Department of Innovation and Environmental Sciences, Faculty of Geosciences, Utrecht University, PO Box 80115, NL-3508 TC Utrecht, The Netherlands
Hydrological landscape settings of base-rich fen mires and fen meadows: an overview
Article first published online: 24 FEB 2009
2006 IAVS - the International Association of Vegetation Science
Applied Vegetation Science
Volume 9, Issue 2, pages 175–184, November 2006
How to Cite
Grootjans, A.P., Adema, E.B., Bleuten, W., Joosten, H., Madaras, M. and Janáková, M. (2006), Hydrological landscape settings of base-rich fen mires and fen meadows: an overview. Applied Vegetation Science, 9: 175–184. doi: 10.1111/j.1654-109X.2006.tb00666.x
Co-ordinating Editor: B. Middleton.
- Issue published online: 24 FEB 2009
- Article first published online: 24 FEB 2009
- Received 10 March 2005; Accepted 30 December 2005
- Calcareous mire;
- Dune slack;
- Travertine formation
Question: Why do similar fen meadow communities occur in different landscapes? How does the hydrological system sustain base-rich fen mires and fen meadows?
Location: Interdunal wetlands and heathland pools in The Netherlands, percolation mires in Germany, Poland, and Siberia, and calcareous spring fens in the High Tatra, Slovakia.
Methods: This review presents an overview of the hydrological conditions of fen mires and fen meadows that are highly valued in nature conservation due to their high biodiversity and the occurrence of many Red List species. Fen types covered in this review include: (1) small hydrological systems in young calcareous dune areas, and (2) small hydrological systems in decalcified old cover sand areas in The Netherlands; (3) large hydrological systems in river valleys in Central-Europe and western-Siberia, and (4) large hydrological systems of small calcareous spring fens with active precipitation of travertine in mountain areas of Slovakia.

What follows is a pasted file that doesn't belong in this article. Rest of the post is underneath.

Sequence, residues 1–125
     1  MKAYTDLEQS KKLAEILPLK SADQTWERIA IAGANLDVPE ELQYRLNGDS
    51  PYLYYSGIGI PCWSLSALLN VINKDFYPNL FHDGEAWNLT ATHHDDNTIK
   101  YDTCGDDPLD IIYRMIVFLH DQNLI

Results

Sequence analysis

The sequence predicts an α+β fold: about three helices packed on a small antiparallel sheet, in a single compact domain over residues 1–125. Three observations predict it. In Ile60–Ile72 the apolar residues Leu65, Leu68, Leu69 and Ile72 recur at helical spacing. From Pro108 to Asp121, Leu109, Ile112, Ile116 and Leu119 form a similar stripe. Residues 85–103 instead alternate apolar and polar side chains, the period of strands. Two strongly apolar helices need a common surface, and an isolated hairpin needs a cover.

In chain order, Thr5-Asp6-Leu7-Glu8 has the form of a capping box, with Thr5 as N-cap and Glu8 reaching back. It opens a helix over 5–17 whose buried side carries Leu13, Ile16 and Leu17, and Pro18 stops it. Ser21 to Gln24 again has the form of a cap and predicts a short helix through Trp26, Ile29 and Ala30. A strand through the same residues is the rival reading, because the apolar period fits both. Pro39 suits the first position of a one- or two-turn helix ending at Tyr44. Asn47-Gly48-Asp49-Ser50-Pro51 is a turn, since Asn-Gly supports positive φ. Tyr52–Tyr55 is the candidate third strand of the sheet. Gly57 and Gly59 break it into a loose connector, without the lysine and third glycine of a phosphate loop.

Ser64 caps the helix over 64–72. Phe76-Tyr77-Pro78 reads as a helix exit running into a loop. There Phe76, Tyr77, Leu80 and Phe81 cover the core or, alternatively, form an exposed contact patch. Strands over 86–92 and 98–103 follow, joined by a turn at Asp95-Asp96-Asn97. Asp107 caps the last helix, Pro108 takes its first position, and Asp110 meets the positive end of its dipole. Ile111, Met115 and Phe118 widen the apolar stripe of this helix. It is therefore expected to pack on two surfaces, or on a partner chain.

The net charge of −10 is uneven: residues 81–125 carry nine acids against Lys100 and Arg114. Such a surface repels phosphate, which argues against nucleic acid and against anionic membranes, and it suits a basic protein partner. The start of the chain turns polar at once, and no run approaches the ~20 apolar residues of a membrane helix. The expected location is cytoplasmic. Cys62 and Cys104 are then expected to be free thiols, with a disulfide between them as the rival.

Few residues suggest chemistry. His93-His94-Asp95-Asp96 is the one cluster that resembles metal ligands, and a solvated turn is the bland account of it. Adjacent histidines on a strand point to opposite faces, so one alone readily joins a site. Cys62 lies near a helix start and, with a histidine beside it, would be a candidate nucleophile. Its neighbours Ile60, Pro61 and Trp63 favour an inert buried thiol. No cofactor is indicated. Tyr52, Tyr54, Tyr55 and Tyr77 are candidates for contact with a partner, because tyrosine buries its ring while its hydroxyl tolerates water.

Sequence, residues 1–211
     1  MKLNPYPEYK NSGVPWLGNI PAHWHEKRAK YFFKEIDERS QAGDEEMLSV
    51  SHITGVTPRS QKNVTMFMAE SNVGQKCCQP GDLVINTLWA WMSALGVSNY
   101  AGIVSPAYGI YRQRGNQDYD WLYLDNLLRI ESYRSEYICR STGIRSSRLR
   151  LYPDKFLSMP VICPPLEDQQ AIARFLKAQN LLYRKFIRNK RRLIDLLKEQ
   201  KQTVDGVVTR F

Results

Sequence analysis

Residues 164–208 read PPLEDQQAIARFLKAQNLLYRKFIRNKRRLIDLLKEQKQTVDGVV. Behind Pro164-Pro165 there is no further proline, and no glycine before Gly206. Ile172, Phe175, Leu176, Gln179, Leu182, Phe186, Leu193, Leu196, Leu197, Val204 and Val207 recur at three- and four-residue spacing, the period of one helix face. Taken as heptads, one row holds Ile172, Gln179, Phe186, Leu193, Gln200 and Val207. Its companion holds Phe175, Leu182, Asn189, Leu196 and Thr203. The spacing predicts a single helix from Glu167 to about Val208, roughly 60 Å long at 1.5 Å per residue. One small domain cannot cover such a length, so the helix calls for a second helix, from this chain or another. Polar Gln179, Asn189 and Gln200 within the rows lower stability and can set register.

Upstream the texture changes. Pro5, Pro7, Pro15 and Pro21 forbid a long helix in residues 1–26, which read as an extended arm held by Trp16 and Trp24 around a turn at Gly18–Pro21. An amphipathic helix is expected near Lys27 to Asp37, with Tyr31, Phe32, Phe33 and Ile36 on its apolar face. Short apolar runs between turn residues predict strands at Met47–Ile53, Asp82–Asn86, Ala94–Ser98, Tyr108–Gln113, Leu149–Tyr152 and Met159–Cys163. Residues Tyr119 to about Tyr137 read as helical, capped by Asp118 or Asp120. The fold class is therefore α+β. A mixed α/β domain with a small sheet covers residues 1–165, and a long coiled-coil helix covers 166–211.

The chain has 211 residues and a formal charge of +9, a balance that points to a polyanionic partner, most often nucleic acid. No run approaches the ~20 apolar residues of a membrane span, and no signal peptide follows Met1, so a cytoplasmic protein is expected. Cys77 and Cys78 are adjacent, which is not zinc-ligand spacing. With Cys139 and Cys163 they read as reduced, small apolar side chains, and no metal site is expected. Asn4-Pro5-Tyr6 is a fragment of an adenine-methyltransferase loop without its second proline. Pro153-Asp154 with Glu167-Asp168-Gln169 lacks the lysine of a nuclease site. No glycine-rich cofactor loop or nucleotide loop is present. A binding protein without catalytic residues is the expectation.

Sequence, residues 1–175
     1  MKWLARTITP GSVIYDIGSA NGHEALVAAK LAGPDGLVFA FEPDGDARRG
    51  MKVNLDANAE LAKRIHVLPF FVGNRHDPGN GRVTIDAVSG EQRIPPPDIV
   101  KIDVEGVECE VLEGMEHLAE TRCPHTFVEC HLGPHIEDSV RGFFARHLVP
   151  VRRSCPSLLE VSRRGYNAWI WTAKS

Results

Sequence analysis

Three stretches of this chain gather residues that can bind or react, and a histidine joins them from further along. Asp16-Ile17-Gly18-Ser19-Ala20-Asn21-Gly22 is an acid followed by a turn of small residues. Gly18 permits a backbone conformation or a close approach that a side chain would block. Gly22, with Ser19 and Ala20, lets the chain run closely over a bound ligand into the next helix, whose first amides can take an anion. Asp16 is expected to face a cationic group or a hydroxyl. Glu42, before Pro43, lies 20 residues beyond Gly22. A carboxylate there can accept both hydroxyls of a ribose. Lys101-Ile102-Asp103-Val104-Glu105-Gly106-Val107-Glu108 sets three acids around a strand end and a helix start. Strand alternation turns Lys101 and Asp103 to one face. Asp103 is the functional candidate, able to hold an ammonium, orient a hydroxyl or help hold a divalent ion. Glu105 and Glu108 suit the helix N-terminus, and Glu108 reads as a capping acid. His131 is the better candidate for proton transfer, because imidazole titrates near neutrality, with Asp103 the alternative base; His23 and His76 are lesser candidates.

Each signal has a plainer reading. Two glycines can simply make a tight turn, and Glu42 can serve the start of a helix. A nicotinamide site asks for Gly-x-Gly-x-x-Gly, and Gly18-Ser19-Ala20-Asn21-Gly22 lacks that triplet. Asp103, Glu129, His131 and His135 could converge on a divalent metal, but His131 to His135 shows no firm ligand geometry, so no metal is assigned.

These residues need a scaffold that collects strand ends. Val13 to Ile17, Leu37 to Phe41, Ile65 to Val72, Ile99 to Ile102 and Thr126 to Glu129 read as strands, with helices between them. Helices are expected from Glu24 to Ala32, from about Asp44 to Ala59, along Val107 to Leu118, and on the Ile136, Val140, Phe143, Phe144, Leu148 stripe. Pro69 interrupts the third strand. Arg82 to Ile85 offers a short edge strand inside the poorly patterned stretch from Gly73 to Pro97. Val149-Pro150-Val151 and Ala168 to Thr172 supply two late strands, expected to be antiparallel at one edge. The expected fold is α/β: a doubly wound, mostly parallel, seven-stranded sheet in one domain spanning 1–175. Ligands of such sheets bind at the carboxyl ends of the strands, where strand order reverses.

Results: Different landscape types can sustain similar nutrient poor and base-rich habitats required by endangered fen meadow species. The hydrological systems of these landscapes are very different in size, but their ground water flow pattern is remarkably similar. Paleoecological research showed that travertine forming fen vegetation types persisted in German lowland percolation mires from 6000 to 3000 BP. Similar vegetation types can still be found in small mountain mires in the Slovak Republic. Small pools in such mires form a cascade of surface water bodies that stimulate travertine formation in various ways. Travertine deposition prevents acidification of the mire and sustains populations of basiphilous species that elsewhere in Europe are highly endangered.
Conclusion: Very different hydrological landscape settings can maintain a regular flow of groundwater through the top soil generating similar base-rich site conditions. This is why some fen species occur in very different landscape types, ranging from mineral interdunal wetlands to mountain mires.